Friday, August 04, 2006

Thank You for Your Protection

Received via e-mail:

Thank You for Your Protection

By Avraham Berkowitz - a Chabad Rabbi.

This morning as the sun rose over Jerusalem, my wife Leah gave birth to a beautiful baby girl at the Hadassah Medical center. A few hours later I drove to the southern Israeli city of Kiryat Malachi where my wife's parents live.

After packing several personal items that my wife will need for her hospital stay, I set out to drive back to Jerusalem. As I passed the central bus station in Kiryat Malachi, I saw an Israeli soldier waiting to get a ride. I rolled down the window and asked him where he needed to go. He said his base is near Jericho, but if I can take him to Jerusalem that would be great help.

I was in a particularly upbeat mood today--after all, we were blessed with our fourth child and third daughter--but the reality around me in the holy land is down and worrisome. Israel is being attacked by its neighbors and we are fighting a war to defend ourselves.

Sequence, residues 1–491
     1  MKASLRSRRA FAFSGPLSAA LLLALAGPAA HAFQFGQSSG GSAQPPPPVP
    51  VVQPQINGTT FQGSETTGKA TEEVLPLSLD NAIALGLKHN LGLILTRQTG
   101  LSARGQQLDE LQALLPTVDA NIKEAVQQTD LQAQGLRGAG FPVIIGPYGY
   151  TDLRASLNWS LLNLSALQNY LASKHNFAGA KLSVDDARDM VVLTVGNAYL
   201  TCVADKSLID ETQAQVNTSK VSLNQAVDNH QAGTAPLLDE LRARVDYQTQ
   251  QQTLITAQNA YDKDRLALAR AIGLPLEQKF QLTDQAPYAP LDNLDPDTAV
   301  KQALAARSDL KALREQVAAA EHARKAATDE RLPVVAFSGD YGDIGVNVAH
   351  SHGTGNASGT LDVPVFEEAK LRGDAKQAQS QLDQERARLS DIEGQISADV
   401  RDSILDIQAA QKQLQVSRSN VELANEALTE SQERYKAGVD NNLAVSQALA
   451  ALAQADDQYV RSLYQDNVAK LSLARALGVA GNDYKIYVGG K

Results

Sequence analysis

As fighter jets from the nearby air force base roared overhead, we cruised down the highway, and I get acquainted with Shachaf Raviv of Beer Sheva. His story gives a face to and direct association with the soldiers fighting for our land and people today.

Shachaf, 21 years old, is a medic in the IDF. He tells me that yesterday his senior officer sent him home for one night to spend with his family because today he and his unit will be leaving their base near Jericho and heading up north to the battlefield on the border of Lebanon to be part of a team of doctors and medics who will be giving critical first aid to the wounded soldiers and civilians.

His officer said he will not have any weekend breaks for a while and therefore sent him to bid farewell to his family. Shachaf told me of the feeling in his house last night, "no one slept, they surrounded me with love and care for hours. My father immigrated to Israel from Portugal in the late sixties and fought in the Yom Kippur War and my mother came from Tunisia to the promised land around the same time. They spoke of their dreams for themselves and our future.